United States

United States

US fears Chinese stronghold on rare metals will tighten

UNITED STATES: China's global leadership in rare-earth metal mining and manufacture of permanent magnets is worrying US wind power developers.

China's hold over the market for rare-earth metals is expected to lead to a major increase in the price of magnets for wind power as early as next year, unless they are made in China. These metals are key ingredients in the huge magnets used in large next-generation wind turbines.

China has cornered some 97% of the growing rare-earth metal market, thanks to its far-sighted government policy. For the past five years it has been steadily lowering export quotas and upping its prices. In October, China Daily reported that China will slash its rare-earth quotas by 30% in 2011. Chinese officials vehemently denied the report.

China is also the leading producer of rare-earth-based permanent magnets, and is increasingly making and installing or exporting larger Chinese-made wind turbines. The US does not currently manufacture permament magnets.

David Sandalow, assistant energy secretary for policy and international affairs at the Department of Energy (DoE), has warned Congress that supplies of the elements must be globalised. Sandalow also told a US Senate subcommittee that a draft strategy to ensure continued US access to rare metals will be issued this autumn.

The Obama administration will encourage US production of rare-earth metals, as well as production by US trading partners other than China, he said.

The main rare-earth metals used in wind turbines are neodymium and praseodymium. They are used in direct-drive permanent magnets in generators. Without them, generator magnets would have to be heavier to be strong enough, increasing the cost of a wind turbine.

A high-energy permanent magnet generator (PMG) for a 3.5MW turbine may require as much as two tonnes of neodymium-based alloy, says Dr Gareth Hatch, co-founder of Illinois-based Technology Metals Research.

Use of rare-earth metals in wind power is accelerating. PMGs are expected to be installed in between 15% and 25% of wind turbines globally by 2013-14, up from about 4 and 5% now, says Hatch, an expert in permanent magnet applications.

The DoE's Sandalow cited clean energy as a key reason for concern. "There's no reason to panic, but every reason to be smart and serious," he told the Senate subcommittee, according to The Hill, a Washington DC blog. "To manage supply risk, we need multiple, distributed sources of clean energy materials in the years ahead."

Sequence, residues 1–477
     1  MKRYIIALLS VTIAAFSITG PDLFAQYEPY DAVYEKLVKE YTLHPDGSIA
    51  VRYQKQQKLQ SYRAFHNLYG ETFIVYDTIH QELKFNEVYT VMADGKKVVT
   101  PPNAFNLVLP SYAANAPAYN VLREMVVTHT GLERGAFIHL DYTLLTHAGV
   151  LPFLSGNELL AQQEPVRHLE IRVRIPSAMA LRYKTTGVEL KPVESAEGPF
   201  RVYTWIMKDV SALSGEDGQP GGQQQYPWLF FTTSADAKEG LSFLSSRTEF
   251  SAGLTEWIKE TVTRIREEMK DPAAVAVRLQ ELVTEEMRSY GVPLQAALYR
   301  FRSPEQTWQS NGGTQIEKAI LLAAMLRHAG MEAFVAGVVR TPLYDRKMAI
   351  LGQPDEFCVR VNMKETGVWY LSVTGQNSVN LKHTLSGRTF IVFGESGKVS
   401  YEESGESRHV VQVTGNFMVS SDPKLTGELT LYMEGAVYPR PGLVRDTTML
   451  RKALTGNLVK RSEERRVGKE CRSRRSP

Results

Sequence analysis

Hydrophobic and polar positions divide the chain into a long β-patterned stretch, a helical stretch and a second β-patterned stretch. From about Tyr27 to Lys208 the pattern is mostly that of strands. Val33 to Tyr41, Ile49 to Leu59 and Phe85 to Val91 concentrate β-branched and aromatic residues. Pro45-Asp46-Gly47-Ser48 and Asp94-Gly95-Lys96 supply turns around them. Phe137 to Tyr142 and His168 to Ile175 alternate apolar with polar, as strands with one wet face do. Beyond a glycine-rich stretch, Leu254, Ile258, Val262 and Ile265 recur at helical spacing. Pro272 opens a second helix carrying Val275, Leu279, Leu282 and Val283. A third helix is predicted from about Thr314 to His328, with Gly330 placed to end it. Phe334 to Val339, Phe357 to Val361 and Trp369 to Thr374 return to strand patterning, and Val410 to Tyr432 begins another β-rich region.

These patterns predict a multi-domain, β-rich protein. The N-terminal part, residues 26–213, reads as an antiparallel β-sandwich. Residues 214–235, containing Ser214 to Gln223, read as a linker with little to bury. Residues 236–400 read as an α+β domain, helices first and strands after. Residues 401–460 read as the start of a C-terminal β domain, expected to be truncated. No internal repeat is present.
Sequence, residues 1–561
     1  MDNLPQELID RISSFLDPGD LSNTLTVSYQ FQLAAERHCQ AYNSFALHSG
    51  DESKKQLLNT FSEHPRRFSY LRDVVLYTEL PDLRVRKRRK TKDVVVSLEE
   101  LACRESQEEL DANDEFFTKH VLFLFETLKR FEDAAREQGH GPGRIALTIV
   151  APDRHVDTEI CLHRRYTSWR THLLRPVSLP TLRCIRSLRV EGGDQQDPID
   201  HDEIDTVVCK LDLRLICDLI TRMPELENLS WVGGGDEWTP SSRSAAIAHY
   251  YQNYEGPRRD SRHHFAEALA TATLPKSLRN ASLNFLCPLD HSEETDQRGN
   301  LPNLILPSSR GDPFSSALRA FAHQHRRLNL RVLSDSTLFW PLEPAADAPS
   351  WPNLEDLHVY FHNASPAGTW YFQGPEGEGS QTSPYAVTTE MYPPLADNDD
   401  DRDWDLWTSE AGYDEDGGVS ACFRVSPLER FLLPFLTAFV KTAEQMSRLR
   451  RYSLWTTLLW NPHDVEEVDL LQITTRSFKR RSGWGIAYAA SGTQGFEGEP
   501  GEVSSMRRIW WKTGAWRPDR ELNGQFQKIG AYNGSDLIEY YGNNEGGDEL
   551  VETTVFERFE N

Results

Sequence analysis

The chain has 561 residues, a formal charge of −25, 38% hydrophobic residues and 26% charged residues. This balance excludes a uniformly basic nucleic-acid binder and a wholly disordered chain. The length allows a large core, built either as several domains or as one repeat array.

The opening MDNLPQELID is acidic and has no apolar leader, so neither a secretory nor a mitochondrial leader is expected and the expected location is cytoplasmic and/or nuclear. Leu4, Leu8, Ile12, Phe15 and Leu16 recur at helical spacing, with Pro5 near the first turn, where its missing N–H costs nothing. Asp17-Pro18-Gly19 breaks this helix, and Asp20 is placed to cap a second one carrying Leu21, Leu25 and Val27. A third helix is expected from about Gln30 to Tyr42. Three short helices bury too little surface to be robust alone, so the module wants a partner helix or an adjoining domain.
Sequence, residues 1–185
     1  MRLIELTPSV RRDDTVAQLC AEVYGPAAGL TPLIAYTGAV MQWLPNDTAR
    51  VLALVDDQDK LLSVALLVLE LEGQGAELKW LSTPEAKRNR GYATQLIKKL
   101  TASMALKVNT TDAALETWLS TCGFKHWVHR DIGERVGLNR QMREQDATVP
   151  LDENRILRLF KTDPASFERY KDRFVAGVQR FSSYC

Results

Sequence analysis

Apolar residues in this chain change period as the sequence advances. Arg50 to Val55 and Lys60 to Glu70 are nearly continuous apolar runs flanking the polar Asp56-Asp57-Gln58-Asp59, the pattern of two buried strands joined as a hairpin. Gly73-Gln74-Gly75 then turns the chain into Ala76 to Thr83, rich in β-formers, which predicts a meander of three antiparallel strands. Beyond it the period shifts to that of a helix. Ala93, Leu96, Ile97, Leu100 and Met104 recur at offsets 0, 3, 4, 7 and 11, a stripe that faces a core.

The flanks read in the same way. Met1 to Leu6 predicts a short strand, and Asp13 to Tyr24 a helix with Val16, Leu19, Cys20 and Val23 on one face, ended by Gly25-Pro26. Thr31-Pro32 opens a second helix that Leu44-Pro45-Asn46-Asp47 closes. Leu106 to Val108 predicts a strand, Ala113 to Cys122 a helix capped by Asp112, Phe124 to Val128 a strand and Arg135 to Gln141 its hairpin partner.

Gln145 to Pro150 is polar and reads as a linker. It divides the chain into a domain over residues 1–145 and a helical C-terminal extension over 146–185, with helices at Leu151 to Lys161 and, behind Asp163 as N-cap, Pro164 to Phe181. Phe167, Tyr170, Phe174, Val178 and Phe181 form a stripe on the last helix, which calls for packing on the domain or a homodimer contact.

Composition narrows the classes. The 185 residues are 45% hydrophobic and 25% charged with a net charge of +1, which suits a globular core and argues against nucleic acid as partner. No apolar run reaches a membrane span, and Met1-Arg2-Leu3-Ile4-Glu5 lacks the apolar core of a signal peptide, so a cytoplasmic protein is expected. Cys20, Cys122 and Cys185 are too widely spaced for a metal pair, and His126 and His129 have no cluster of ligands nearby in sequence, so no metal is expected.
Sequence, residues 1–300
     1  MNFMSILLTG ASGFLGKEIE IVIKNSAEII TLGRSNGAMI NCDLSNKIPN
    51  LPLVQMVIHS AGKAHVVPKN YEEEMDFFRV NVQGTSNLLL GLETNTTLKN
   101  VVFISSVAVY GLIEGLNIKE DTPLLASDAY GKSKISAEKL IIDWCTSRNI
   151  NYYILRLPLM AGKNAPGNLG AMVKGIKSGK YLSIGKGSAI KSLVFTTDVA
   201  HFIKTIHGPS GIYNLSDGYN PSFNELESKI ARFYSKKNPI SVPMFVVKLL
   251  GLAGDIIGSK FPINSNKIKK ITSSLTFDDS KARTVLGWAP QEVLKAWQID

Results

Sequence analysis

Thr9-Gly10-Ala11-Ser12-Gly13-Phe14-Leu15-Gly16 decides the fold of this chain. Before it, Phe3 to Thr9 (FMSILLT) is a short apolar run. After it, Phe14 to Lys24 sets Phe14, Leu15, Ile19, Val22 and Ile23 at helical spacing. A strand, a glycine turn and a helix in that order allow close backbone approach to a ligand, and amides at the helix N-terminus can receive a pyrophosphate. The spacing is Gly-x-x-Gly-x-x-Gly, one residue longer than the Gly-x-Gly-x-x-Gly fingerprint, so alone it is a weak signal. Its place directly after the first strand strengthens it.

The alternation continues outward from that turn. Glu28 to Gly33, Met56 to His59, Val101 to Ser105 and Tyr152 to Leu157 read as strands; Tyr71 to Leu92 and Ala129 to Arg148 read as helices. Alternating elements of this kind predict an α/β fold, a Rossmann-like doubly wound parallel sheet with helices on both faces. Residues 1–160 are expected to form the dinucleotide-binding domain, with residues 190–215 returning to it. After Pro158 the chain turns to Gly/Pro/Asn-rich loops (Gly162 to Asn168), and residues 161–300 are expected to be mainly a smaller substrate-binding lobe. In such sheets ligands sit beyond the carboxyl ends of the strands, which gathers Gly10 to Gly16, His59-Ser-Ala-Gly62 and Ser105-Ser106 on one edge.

The metals are not in fact "rare", but quite common, although the ores from which the metals are produced are mostly mined and processed in China. Rare-earth metals are found around the world, including in Australia, the US, Canada, South Africa and elsewhere in Africa, and in parts of northern Europe. China may have as much as 35-40% of global reserves.

World consumption of the rare-earth metals may almost double by 2015, particularly with wind power installations rocketing. Rare-earth metals are also used in computer hard drives and other high-tech consumer equipment.

Three bills have been introduced in Congress to encourage US research, mining and processing - for example, by preventing stockpiling, providing loan guarantees for mining and by considering a trade case against China for unfair practices.

"We are all to blame for allowing China to take this (near-monopoly) position," says US Magnet Materials Association president Ed Richardson. "But it's not healthy for competition."

Some mining and production of the metals at two locations in California and western Australia may start in 2011 and 2012, easing the bottleneck. "It is the next three to four years that are the challenge," says Hatch. "In the longer term, we are fairly hopeful of being less dependent on the Chinese."

This is crucial for wind power. As Richardson notes, the larger wind turbines become, the more they depend upon PMGs.

The crisis could hit home in the wind industry in 2011. That is when rare-earth permanent magnets may become much more expensive because of scarcer supplies and hiked prices of rare earths, according to Adalbert Stroehle, director of sales and marketing at Vacuumschmelze of Germany, which makes the permanent magnets used by companies such as Siemens and Vestas. Vacuumschmelze has contracts in place for the supply of rare earths, so its price is stable.

But Stroehle says: "It looks like the situation will become more difficult next year. It is a substantial issue for us. We cannot substitute rare earths." He adds that Chinese magnet makers can obtain rare earths much more cheaply, making it hard for non-Chinese manufacturers to compete.

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